To say the Penguins have been holding strong despite several important injuries is an understatement. Just look at this handy visual from @NHLInjuryViz:
Updated CHIP vs Points and CHIP vs xG plots through 10 January pic.twitter.com/jONDalR9MG— NHLInjuryViz (@NHLInjuryViz) January 12, 2020
In the regular tweet you can’t even see Pittsburgh and have to click on them to see the x-axis busting location that they’re at.
That is just truly absurd to see how far out there the Pens are, and really shows how much of their lineup has not been available this season.
Here’s another look by position, where Pittsburgh is again first (by far) in a very painful way.
Injury breakdown by position through 10 January when weighted by 3+ year WAR pic.twitter.com/9hE9X40MFt— NHLInjuryViz (@NHLInjuryViz) January 11, 2020
Other than Anaheim in recent years, this year’s Pens team is one of the most injured among expensive players in the recent NHL history. And really, the man games lost being low just makes it that much worse for the quality that Pittsburgh has lost is quite significantly higher than an Anaheim team who had Patrick Eaves and a few other long-term injuries to deal with.
This is a list of all teams since 2010/11 who had a CHIP (Cap Hit of Injured Players) of $7m+ over the first 41 games of the season - not attempting to allow for cap inflation at all here.— NHLInjuryViz (@NHLInjuryViz) January 12, 2020
This year's Penguins and Red Wings crack the list. pic.twitter.com/6lVfnIuBfy
That said, the Pens have still found a way to be the league’s very best team since Sidney Crosby went down over two months ago now. Here’s an NHL standings chart since then, sorted by points percentage.
How is this possible? It doesn’t make a lot of sense, but the team has been able to band together. All facets have played pretty well — from goaltending to coaching to impressive shot share control and defensively suppressing chances to generating goals, pick any category or aspect of hockey and the Pens have probably been very above average at it this season.
So while the cliche answer isn’t far from the truth that it’s a team effort, and the whole group is pitching in, here’s the individual biggest reasons they are where they’re at, even with so much missing.
#1 Tristan Jarry
Jarry’s been great all season, and the last stretch of 29 games without Crosby has been no exception. Consider that Jarry has as many shutouts as he does regulation losses (both 3) since 11/9/2019. His record overall is 14-3-1, which makes it no surprise why the Pens keep going back to him. Jarry’s save% since Crosby has been hurt is .932%, and is the biggest single reason the Pens are the top team in the league since that time, especially when you hold those numbers up against struggling Matt Murray’s .878 save% in the same period. Jarry has been the steady presence making all the saves and keeping the team in the game on a nightly basis.
#2 Evgeni Malkin
In the 29 games since Crosby has gone down, Malkin has 40 points (playing 27 games himself, missing two more to illness). That’s 1.48 points/game which ranks fourth in the league over the time period, behind only Artemi Panarin, Connor McDavid and Nathan MacKinnon. Malkin is back in a major way this season. All around the ice he has been playing at an MVP caliber since Crosby went down, which is very encouraging to see after a not-so-great 2018-19 season by his caliber.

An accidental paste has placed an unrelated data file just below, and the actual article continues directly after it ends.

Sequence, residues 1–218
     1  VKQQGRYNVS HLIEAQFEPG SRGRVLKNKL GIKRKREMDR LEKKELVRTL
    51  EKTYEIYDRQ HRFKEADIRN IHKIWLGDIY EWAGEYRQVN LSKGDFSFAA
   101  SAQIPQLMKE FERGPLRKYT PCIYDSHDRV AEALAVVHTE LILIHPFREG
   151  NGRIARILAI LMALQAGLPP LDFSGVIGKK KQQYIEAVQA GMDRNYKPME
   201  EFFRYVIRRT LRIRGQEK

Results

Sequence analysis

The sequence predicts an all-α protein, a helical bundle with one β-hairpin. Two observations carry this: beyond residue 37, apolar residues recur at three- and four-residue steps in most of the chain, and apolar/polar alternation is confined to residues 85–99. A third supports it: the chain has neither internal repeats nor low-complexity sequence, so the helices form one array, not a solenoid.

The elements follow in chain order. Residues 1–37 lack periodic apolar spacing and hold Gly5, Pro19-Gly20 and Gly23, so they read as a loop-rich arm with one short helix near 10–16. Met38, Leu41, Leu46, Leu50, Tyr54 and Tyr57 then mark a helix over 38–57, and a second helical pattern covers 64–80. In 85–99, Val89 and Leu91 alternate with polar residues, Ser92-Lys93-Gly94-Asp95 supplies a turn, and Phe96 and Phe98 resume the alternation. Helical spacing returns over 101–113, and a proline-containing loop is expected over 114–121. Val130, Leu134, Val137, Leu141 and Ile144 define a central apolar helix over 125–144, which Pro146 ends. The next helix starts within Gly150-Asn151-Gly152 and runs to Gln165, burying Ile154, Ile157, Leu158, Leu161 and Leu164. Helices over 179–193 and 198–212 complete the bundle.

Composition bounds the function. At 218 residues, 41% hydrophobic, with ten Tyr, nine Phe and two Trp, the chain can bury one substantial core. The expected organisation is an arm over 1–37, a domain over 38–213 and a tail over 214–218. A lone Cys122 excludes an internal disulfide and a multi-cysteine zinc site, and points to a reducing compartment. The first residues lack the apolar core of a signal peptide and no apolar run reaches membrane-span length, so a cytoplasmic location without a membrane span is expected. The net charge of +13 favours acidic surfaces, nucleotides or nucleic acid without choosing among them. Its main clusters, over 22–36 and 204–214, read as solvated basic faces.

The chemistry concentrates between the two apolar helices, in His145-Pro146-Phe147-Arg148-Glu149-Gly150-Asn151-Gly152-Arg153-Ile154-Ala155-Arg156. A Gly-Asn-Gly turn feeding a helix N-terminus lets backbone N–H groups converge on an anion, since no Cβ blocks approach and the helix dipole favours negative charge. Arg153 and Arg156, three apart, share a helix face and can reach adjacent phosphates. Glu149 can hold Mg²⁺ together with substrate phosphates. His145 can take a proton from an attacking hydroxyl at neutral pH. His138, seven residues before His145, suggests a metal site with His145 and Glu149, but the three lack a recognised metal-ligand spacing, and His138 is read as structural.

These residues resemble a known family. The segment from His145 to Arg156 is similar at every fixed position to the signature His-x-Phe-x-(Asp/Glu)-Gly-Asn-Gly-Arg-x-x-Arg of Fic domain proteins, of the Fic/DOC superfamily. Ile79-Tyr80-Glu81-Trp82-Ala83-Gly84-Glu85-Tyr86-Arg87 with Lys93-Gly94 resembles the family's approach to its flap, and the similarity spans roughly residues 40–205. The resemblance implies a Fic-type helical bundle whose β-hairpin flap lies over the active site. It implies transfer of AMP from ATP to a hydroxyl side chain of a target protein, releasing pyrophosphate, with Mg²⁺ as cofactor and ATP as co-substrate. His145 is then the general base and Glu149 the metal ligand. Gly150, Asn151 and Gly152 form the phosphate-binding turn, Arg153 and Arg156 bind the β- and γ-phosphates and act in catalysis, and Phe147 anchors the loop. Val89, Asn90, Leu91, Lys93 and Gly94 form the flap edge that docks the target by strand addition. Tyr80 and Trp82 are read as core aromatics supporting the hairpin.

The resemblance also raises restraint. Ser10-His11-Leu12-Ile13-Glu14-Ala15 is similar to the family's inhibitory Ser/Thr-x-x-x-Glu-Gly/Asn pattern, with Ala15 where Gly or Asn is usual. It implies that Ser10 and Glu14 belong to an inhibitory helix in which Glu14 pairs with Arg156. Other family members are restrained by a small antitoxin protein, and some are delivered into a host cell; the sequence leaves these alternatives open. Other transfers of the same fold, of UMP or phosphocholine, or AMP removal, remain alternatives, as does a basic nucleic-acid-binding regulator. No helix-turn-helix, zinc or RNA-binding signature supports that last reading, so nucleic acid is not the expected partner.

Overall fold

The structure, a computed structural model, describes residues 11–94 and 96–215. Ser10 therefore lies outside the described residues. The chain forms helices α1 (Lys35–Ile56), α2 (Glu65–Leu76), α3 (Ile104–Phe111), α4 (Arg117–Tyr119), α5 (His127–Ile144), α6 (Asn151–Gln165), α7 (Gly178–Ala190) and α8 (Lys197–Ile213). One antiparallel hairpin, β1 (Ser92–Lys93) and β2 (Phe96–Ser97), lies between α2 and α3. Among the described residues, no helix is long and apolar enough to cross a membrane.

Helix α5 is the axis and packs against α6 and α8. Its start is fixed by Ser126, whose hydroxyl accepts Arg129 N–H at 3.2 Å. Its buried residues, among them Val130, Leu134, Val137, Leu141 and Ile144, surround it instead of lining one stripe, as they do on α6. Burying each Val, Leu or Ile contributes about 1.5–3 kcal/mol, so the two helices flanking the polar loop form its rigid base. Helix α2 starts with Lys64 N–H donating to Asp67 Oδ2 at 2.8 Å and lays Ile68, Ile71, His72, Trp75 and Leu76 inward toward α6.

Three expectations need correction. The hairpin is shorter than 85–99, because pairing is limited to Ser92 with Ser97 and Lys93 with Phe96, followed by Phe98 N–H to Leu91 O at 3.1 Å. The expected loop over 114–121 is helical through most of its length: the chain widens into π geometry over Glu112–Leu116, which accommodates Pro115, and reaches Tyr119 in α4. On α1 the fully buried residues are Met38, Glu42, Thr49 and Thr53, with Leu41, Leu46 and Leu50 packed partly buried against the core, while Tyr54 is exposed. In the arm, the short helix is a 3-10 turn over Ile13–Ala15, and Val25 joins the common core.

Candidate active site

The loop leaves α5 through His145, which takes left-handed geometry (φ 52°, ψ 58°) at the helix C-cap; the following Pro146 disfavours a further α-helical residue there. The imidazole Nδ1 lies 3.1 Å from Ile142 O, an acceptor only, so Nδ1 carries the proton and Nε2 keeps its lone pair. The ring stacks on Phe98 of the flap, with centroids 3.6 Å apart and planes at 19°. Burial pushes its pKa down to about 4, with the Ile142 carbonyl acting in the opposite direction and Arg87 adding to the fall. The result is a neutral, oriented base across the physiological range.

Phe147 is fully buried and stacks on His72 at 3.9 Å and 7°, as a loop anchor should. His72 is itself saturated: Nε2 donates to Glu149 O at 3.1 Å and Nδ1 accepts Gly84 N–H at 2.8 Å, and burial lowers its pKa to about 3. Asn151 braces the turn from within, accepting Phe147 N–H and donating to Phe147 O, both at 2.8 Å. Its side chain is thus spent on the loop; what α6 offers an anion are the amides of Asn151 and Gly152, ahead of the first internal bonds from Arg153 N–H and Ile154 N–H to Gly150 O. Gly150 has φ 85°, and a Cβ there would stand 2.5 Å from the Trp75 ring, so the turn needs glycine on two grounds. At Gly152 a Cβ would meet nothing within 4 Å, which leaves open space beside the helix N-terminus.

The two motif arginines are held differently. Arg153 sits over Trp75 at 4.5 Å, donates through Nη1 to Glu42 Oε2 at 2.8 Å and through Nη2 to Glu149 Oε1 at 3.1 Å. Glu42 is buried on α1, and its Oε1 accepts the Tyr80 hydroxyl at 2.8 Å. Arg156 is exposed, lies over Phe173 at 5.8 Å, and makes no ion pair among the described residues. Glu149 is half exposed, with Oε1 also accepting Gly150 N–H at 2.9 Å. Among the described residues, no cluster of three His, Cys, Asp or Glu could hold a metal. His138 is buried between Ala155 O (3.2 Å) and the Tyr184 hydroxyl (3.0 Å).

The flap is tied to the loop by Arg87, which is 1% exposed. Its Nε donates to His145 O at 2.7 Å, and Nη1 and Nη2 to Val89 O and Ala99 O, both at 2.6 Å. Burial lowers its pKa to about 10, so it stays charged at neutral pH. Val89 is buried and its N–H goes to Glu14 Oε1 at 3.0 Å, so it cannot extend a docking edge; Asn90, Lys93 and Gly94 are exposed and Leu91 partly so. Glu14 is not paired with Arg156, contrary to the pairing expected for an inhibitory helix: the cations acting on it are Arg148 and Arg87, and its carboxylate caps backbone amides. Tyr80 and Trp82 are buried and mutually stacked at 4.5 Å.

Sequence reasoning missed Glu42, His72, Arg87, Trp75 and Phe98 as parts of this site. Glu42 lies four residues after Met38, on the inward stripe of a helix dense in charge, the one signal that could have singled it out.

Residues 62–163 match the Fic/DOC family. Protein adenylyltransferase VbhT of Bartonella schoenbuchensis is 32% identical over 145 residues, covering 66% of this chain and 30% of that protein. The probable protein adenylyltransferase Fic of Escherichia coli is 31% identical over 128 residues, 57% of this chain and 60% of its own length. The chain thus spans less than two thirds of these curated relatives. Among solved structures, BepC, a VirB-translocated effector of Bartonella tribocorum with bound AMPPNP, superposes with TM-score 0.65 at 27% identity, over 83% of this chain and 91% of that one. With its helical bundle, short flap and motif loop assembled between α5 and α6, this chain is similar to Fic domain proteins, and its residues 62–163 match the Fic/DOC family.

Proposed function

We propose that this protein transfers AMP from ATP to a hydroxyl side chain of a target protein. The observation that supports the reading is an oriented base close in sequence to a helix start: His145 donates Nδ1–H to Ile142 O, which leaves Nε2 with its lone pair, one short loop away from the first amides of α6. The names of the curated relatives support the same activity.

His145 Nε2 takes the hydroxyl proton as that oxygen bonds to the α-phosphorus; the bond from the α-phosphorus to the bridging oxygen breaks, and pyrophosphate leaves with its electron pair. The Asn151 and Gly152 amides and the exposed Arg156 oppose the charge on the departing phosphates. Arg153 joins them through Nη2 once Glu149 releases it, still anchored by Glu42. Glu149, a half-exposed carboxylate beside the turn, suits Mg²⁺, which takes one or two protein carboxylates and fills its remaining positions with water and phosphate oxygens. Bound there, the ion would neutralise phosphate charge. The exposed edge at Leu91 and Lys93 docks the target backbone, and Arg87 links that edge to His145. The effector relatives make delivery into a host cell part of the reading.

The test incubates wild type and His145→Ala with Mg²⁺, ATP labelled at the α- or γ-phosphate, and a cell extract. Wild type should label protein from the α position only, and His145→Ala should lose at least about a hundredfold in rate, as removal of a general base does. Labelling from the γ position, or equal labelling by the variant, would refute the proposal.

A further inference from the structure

#3 Bryan Rust
Since coming back from his own broken hand injury on October 26th, Bryan Rust has an eye-popping 18 goals and 20 assists in 31 games. That ranks him top-15 in the league in both goals and points since then. Rust going from supporting player to a starring role has been a major factor in the Pens’ success this season and really can’t be under-stated. 18 goals ties his career high, which took him 72 games last season to set. He’s done it in 31 games this year!
#4 John Marino
Since Crosby’s injury, John Marino is playing 21:47 per game. That’s second highest on the team behind Kris Letang. While Crosby’s injury is the easiest to frame the season, defensively the Pens have lost Brian Dumoulin, Justin Schultz and even Letang for chunks of the season. But it hasn’t mattered because they found a way to materialize a top-four rookie defensemen who is adept in all three zones of the ice, makes great decisions, can skate and move the puck. Marino’s offense has been on display too, recording 19 points (3G+16A) in the last 29 games to lead all Pens’ blueliners.
#5 The buzzsaw line
I know I said individuals reasons, but this group almost operates as an individual item. The Pens have pushed what they wanted to be their fourth line up to a bigger role (all are playing 14-16 minutes in the stretch of the Crosby absence) and have hit paydirt. Brandon Tanev has 14 points in the last 29 games (7G+7A). Teddy Blueger is blossoming into a legit NHL option to lean on, with the Pens turning to him in short-handed and key faceoff situations. Zach Aston-Reese is able to suppress opposition shots and chances and goals as well as any forward in the league this season. Add it all up and it’s a heck of a weapon to have.
The Pens will definitely welcome Crosby, and Dumoulin, and Schulz and Nick Bjugstad back as soon as they can get them. And they’re definitely going to miss Jake Guentzel, who was another big reason the team has not only stabilized but found a way to thrive after all these injuries. But for all the adversity they’ve dealt with in the first half, it’s opened up a lot of doors for opportunity to guys like Rust and Marino and Jared McCann and Dominik Kahun to step through. None have disappointed.